Part 1 of this blog series addressed business issues to consider in deciding whether to franchise your business and preparations to be made before launching a franchise program. This blog assumes that you have made the decision to franchise your business and you are ready to engage a franchise attorney to assist you with the legal compliance. The first step in legal compliance is to prepare a Franchise Agreement and the Franchise Disclosure Document required by federal and state franchise laws.
The Franchise Agreement is the binding contract between the franchisor and the franchisee. You will first need to determine what entity will be the franchisor. For a number of reasons, it is often best to set up a new entity that will be the company that offers and sells franchises and supports the franchise system.
A number of business and legal decisions need to be made by you about the structure of the franchise in order for your franchise attorney to draft the franchise agreement. These decisions are often made based on your knowledge and experience about the industry of the franchise business and in consultation with financial advisors, a franchise consultant and franchise attorney, each bringing different perspectives. At this stage, the franchise attorneys at Huck Bouma prepare a Franchise Agreement Preparation Questionnaire for our new franchisor clients to complete.
Decisions you must make include what fees will be charged (initial franchise fee, ongoing royalty fees, advertising fund contributions and other fees), whether a protected territory will be granted and what size it should be, what the length of the initial franchise term will be as well as requirements for renewal, what franchisor assistance and training you will agree to provide, purchasing requirements for the franchise business, and what operational requirements should be addressed in the franchise agreement (many more will be addressed in the operations manual). Other decisions to be made include the conditions for selling or transferring the franchise business, the grounds for termination of the franchise and how disputes between the franchisor and the franchisee will be resolved.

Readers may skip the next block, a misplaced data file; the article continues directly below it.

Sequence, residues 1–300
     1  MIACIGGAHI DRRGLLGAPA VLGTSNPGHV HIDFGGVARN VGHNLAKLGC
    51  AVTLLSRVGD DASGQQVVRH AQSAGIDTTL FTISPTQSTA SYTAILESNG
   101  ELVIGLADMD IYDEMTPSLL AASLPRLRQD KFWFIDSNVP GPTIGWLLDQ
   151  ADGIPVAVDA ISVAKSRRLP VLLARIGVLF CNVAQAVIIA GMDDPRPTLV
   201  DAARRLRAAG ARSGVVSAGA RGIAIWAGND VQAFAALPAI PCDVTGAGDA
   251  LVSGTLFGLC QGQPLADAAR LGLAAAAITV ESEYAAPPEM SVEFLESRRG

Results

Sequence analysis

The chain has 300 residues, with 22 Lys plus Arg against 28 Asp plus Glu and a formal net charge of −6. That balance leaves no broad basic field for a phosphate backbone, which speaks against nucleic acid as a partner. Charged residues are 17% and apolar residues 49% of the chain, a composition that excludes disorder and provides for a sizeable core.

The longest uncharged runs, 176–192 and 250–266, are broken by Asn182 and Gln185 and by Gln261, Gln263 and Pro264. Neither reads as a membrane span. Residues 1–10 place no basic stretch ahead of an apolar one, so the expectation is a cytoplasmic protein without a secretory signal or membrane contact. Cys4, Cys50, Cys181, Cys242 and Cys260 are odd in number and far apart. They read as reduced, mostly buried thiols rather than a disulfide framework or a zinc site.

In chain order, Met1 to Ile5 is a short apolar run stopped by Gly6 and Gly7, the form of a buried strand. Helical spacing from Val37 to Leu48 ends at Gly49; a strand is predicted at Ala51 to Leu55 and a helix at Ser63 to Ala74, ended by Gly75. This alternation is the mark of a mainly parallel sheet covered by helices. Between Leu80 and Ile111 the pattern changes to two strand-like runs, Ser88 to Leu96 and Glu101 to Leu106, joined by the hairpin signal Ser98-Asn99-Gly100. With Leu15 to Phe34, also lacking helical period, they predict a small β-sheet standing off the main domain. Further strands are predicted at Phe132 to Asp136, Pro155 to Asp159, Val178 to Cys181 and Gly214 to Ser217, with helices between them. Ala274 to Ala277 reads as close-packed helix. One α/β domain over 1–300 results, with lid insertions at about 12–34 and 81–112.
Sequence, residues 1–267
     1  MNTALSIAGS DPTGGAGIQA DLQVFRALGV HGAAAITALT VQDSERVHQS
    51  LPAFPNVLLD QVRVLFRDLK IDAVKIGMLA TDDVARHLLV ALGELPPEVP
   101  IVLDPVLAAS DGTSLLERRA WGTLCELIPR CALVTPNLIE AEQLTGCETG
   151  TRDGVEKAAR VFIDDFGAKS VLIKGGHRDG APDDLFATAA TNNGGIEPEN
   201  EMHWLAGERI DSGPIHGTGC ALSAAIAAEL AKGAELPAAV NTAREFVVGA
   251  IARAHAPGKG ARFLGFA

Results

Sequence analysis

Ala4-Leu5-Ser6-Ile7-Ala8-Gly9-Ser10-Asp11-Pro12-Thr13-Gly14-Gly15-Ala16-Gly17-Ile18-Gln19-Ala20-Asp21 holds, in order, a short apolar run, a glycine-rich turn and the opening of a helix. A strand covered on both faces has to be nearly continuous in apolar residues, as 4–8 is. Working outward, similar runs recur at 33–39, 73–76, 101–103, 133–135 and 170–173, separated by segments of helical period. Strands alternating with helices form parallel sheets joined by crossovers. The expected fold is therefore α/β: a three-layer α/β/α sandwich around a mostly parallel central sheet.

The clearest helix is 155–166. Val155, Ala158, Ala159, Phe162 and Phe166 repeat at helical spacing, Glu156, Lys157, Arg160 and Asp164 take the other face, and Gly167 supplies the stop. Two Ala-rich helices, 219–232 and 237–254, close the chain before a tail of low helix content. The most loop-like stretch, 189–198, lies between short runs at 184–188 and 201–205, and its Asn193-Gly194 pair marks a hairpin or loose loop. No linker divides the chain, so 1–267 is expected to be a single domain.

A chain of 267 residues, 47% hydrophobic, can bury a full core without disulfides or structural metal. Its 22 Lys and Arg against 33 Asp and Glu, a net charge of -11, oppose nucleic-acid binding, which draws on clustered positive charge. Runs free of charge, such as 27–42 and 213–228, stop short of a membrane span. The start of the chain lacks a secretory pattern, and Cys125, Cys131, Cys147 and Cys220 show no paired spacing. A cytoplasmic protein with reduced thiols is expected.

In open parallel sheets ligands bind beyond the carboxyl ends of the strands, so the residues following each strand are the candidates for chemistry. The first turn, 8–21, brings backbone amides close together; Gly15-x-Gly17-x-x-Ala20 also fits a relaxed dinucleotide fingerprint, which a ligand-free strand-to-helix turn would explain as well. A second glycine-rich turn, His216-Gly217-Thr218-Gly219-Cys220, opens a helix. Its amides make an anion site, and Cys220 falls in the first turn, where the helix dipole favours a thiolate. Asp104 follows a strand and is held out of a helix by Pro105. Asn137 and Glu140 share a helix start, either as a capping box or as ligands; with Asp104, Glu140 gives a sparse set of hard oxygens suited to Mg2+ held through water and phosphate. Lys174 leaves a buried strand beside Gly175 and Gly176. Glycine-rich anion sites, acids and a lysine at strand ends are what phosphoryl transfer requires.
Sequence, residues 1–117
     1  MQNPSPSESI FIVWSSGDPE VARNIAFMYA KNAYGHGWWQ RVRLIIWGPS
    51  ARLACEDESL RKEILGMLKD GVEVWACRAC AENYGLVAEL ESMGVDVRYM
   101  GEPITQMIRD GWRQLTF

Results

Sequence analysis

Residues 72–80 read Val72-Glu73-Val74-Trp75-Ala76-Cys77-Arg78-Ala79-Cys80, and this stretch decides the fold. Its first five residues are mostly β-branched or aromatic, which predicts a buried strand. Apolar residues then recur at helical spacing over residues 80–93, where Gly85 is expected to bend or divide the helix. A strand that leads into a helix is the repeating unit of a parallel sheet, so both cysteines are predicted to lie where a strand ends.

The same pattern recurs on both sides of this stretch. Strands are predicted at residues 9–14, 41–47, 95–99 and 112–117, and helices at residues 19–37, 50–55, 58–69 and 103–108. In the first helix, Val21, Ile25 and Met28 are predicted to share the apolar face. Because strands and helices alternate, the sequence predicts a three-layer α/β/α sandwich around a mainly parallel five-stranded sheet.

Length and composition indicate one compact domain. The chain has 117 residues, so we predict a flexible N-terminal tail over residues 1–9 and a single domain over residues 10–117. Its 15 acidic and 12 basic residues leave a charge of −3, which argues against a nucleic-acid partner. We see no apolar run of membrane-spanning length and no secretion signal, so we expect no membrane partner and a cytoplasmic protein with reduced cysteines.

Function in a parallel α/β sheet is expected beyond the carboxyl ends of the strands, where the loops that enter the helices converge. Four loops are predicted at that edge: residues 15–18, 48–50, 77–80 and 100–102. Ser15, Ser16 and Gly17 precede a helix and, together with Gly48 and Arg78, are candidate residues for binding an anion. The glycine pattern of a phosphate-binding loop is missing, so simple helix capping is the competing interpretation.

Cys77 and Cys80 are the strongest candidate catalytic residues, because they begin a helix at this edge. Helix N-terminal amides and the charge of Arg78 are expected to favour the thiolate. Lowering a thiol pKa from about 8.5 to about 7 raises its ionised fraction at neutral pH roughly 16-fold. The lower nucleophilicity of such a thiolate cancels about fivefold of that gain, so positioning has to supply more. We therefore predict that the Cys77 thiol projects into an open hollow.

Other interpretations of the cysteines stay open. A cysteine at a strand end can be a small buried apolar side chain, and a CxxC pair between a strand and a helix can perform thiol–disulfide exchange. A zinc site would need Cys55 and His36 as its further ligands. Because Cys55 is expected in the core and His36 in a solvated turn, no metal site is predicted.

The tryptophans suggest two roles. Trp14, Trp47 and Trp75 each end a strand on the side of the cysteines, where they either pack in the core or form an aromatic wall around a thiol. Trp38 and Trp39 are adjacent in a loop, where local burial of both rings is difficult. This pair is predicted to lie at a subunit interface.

Once the Franchise Agreement is prepared, the Franchise Disclosure Document must be drafted. At this stage, the franchise attorneys at Huck Bouma prepare a second questionnaire for our new franchisor clients to complete which covers information needed for the Franchise Disclosure Document. When drafting this document, we must follow the format and disclosure requirements set forth in 16 CFR Part 436 – Disclosure Requirements and Prohibitions Concerning Franchising, known as the Amended FTC Rule. These federal disclosure rules are enforced by the Federal Trade Commission and apply to the offering of franchises anywhere in the United States.
There are 23 sections in the Franchise Disclosure Document (referred to as Items) in which the franchisor must address very specific disclosure requirements set forth in the Amended FTC Rule. The Franchise Disclosure Document provides information necessary for an investor to make a decision on whether to purchase the franchise. Generally, the documents includes information about the franchisor (its history, management and financial condition), the franchise system and its franchisees, the initial and ongoing costs involved in purchasing and operating a franchise business, and the terms and conditions that govern the franchise relationship.
In addition to federal disclosure requirements, the state franchise regulators have issued guidelines that we must follow in preparing the Franchise Disclosure Document so that the document will be in a form that will be acceptable to the regulators in the franchise registration states where you want to register your franchise. The franchise regulators will review your Franchise Disclosure Document as part of the franchise registration process. These guidelines are the North American Securities Administrators Association, Inc. (“NASAA”) 2008 Franchise Registration and Disclosure Guidelines. These guidelines are consistent with the federal disclosure requirements but impose some additional disclosures and registration requirements. NASAA has also issued commentaries on Financial Performance Representation and on disclosure of Multi-Units which supplement these guidelines.
Part 3 of this blog series will address registration of the franchise offering in the states that have franchise registration and disclosure laws.